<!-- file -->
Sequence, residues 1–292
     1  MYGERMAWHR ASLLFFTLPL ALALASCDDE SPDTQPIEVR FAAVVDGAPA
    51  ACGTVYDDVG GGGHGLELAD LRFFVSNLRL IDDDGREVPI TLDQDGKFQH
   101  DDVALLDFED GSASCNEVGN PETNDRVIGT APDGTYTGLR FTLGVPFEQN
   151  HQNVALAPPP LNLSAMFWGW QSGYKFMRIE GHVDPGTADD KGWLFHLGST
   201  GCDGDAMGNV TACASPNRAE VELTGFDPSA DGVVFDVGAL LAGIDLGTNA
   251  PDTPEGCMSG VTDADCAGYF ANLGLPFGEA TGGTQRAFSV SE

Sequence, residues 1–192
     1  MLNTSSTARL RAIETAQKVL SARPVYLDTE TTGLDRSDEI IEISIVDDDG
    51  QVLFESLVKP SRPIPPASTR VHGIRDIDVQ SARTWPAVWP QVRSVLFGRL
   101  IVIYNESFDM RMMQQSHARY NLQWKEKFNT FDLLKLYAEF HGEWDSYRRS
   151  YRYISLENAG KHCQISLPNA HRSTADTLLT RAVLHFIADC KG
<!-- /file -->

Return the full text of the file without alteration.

Sequence, residues 1–292
     1  MYGERMAWHR ASLLFFTLPL ALALASCDDE SPDTQPIEVR FAAVVDGAPA
    51  ACGTVYDDVG GGGHGLELAD LRFFVSNLRL IDDDGREVPI TLDQDGKFQH
   101  DDVALLDFED GSASCNEVGN PETNDRVIGT APDGTYTGLR FTLGVPFEQN
   151  HQNVALAPPP LNLSAMFWGW QSGYKFMRIE GHVDPGTADD KGWLFHLGST
   201  GCDGDAMGNV TACASPNRAE VELTGFDPSA DGVVFDVGAL LAGIDLGTNA
   251  PDTPEGCMSG VTDADCAGYF ANLGLPFGEA TGGTQRAFSV SE

Sequence, residues 1–192
     1  MLNTSSTARL RAIETAQKVL SARPVYLDTE TTGLDRSDEI IEISIVDDDG
    51  QVLFESLVKP SRPIPPASTR VHGIRDIDVQ SARTWPAVWP QVRSVLFGRL
   101  IVIYNESFDM RMMQQSHARY NLQWKEKFNT FDLLKLYAEF HGEWDSYRRS
   151  YRYISLENAG KHCQISLPNA HRSTADTLLT RAVLHFIADC KG